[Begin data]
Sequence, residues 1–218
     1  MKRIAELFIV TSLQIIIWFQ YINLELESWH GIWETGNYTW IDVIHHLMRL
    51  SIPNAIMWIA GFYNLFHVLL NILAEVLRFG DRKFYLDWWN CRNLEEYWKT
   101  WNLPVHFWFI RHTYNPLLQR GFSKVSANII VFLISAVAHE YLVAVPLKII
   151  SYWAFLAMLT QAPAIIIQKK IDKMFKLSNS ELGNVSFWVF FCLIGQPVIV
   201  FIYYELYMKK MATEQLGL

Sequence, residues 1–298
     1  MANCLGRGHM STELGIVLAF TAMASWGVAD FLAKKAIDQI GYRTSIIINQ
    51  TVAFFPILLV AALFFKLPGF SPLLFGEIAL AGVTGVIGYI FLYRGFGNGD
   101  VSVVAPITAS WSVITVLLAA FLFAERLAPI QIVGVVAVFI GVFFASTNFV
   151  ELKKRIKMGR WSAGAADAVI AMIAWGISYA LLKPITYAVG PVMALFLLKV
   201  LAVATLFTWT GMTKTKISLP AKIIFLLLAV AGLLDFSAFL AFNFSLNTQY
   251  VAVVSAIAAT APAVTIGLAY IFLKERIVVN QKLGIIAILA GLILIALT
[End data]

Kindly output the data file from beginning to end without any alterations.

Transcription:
Sequence, residues 1–218
     1  MKRIAELFIV TSLQIIIWFQ YINLELESWH GIWETGNYTW IDVIHHLMRL
    51  SIPNAIMWIA GFYNLFHVLL NILAEVLRFG DRKFYLDWWN CRNLEEYWKT
   101  WNLPVHFWFI RHTYNPLLQR GFSKVSANII VFLISAVAHE YLVAVPLKII
   151  SYWAFLAMLT QAPAIIIQKK IDKMFKLSNS ELGNVSFWVF FCLIGQPVIV
   201  FIYYELYMKK MATEQLGL

Sequence, residues 1–298
     1  MANCLGRGHM STELGIVLAF TAMASWGVAD FLAKKAIDQI GYRTSIIINQ
    51  TVAFFPILLV AALFFKLPGF SPLLFGEIAL AGVTGVIGYI FLYRGFGNGD
   101  VSVVAPITAS WSVITVLLAA FLFAERLAPI QIVGVVAVFI GVFFASTNFV
   151  ELKKRIKMGR WSAGAADAVI AMIAWGISYA LLKPITYAVG PVMALFLLKV
   201  LAVATLFTWT GMTKTKISLP AKIIFLLLAV AGLLDFSAFL AFNFSLNTQY
   251  VAVVSAIAAT APAVTIGLAY IFLKERIVVN QKLGIIAILA GLILIALT